I’ve been a Nintendo fan all my life, all the way back to the original NES, and probably will continue to be. I’ve owned every Nintendo system (including the Virtual Boy) so I’ve been there with them in their highs and lows. After a really big mistake in the Wii U, the new Nintendo Switch feels like Nintendo emerging from the ashes like a phoenix. Revitalized and refocused. It feels like their rebirth into the Nintendo of old.
The Wii U shouldn’t have happened. Nintendo was too eager to ride the coattails of the once-in-a-generation success of the original Wii and the result was a system that never really managed to take off. People were confused, thinking it was just a new controller for their existing Wii. And although they tried, Nintendo was never able to overcome the confusing messaging of its launch.
To put the Wii U and Switch launches in comparison, I was able to walk into a GameStop the Sunday (yes Sunday) that Nintendo released the Wii U and walk out with a Deluxe set without ever seeing a line. No one knew or cared about it, on the other hand lines for the Switch are huge. And it’s probably because gamers see that Nintendo seems to have learned from the last decade and are coming back focused on what made people love them in the first place – great games. And the upcoming lineup is full of indie titles as well as franchises from the heyday of Nintendo, so this system is going to attract some of the more traditional Nintendo audience.
Right off the bat lets get this out of the way. The Switch isn’t a console despite what people including Nintendo are telling you. It’s basically a custom Nvidia gaming tablet with a dock that allows it to output video to a TV. That’s it. Nintendo has recently realized that the direction gaming is headed is that of mobile. It’s a hard pill for “hardcore” gamers to swallow, but you just have to look at how much money games on the App Store make and the installed base of iOS and Android devices to see that Nintendo was really smart to embrace that format while still throwing a bone to the “hardcore” so they could play the games on their TV.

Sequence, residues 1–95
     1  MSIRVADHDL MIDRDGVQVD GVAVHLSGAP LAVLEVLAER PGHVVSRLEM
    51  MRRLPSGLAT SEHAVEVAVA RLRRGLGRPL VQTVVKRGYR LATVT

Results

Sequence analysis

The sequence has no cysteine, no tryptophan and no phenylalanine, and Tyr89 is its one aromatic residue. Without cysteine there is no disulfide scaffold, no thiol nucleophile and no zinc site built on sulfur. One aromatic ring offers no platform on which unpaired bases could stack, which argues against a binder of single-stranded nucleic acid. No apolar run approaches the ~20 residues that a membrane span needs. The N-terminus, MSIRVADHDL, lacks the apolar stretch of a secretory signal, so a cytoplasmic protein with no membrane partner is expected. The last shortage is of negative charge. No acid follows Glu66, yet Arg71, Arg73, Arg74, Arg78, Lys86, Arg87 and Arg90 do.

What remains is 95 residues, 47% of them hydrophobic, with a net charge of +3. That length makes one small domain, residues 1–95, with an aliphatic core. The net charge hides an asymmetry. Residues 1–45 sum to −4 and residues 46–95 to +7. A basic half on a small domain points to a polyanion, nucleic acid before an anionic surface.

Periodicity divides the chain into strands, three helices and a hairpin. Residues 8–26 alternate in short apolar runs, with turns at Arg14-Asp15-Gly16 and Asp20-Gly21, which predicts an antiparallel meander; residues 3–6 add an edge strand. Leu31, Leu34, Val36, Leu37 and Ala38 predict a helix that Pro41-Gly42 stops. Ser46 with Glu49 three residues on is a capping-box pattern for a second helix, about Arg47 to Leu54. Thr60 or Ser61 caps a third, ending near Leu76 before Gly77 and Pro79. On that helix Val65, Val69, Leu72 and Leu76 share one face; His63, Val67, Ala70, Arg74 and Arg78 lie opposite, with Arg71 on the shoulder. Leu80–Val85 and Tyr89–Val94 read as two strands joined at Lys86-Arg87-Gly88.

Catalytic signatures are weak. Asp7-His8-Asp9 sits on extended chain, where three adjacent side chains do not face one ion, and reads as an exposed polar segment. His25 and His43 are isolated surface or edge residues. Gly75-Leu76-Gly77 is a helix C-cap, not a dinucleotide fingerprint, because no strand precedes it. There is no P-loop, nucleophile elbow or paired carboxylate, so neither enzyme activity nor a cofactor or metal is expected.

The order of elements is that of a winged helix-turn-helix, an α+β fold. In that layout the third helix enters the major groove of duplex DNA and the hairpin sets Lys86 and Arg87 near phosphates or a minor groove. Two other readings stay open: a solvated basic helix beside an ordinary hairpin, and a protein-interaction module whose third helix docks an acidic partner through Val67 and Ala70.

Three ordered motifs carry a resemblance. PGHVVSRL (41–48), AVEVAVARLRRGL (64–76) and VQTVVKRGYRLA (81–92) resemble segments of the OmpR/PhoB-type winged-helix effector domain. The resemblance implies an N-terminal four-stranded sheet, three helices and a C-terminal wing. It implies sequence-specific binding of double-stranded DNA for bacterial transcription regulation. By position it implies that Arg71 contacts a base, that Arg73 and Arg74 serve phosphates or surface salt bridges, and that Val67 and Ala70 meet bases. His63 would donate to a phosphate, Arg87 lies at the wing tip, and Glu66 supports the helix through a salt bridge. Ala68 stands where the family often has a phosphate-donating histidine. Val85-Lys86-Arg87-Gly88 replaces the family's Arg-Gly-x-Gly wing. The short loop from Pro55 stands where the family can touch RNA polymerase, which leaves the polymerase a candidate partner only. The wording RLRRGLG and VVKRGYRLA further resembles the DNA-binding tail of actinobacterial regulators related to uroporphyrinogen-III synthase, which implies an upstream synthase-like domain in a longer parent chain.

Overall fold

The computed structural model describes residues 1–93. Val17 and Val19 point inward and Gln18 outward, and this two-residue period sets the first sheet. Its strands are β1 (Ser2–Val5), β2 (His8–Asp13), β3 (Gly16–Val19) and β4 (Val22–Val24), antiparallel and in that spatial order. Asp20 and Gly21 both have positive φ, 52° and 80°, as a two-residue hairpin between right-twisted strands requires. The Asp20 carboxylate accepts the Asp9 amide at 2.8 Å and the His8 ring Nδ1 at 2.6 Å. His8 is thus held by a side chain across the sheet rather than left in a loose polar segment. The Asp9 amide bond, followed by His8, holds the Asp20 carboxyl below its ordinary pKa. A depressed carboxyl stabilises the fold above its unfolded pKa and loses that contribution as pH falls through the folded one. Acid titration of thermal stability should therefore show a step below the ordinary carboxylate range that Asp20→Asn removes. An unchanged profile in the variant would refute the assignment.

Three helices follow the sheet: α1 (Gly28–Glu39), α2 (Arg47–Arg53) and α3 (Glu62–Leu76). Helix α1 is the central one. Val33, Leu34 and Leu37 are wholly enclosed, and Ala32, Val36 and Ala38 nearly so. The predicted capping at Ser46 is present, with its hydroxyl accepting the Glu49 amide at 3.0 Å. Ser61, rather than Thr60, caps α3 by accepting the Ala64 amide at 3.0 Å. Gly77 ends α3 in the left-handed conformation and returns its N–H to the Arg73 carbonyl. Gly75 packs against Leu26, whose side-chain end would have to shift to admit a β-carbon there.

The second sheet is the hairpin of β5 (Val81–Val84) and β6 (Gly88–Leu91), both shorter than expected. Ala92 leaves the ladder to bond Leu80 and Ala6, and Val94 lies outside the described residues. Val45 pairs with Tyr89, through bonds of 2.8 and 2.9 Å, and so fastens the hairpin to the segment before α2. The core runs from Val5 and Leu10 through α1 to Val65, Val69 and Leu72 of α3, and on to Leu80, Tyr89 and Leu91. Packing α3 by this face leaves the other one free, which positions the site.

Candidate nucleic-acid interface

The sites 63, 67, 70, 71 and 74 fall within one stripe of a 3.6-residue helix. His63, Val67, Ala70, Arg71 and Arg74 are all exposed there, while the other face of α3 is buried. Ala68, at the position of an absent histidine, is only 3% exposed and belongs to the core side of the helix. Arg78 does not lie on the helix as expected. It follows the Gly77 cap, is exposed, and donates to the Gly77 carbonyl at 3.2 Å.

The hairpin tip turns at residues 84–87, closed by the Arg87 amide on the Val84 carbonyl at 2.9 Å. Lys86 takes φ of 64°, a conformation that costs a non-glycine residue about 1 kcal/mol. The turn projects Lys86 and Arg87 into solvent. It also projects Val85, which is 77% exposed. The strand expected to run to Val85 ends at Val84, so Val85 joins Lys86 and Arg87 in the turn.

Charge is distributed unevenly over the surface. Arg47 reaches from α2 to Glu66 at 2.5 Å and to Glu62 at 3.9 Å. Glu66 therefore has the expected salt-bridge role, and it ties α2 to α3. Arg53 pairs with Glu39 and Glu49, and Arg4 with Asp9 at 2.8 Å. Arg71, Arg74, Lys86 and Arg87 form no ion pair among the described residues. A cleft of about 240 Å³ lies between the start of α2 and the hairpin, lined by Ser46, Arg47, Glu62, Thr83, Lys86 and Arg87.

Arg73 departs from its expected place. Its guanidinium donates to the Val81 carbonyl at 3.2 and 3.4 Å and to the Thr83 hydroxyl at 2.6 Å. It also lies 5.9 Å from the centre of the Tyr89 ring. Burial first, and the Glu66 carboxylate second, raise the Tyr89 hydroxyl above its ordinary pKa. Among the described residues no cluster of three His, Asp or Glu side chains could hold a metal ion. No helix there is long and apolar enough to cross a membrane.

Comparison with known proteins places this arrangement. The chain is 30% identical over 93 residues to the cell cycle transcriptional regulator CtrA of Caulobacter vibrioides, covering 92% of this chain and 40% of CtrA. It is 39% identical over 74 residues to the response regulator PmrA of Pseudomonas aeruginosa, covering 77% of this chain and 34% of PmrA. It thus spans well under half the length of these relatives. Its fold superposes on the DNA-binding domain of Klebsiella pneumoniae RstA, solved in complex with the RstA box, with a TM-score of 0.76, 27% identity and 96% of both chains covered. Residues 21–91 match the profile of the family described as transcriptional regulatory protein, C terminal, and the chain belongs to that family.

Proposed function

It’s not a gimmick like the Wii U’s GamePad. Instead this is Nintendo for once in their modern era actually evolving to embrace the trajectory of modern gaming, and in some ways even being ahead of the mindset of a segment of gamers who are resistant to change. It’s not risky and it’s very smart. I’m excited by this Nintendo grabbing core gamers and basically saying “evolve or die”. If you want to play the latest (perfect) Nintendo titles like the masterpiece The Legend of Zelda: Breath of the Wild, you’re going to be doing it on a tablet instead of a traditional console.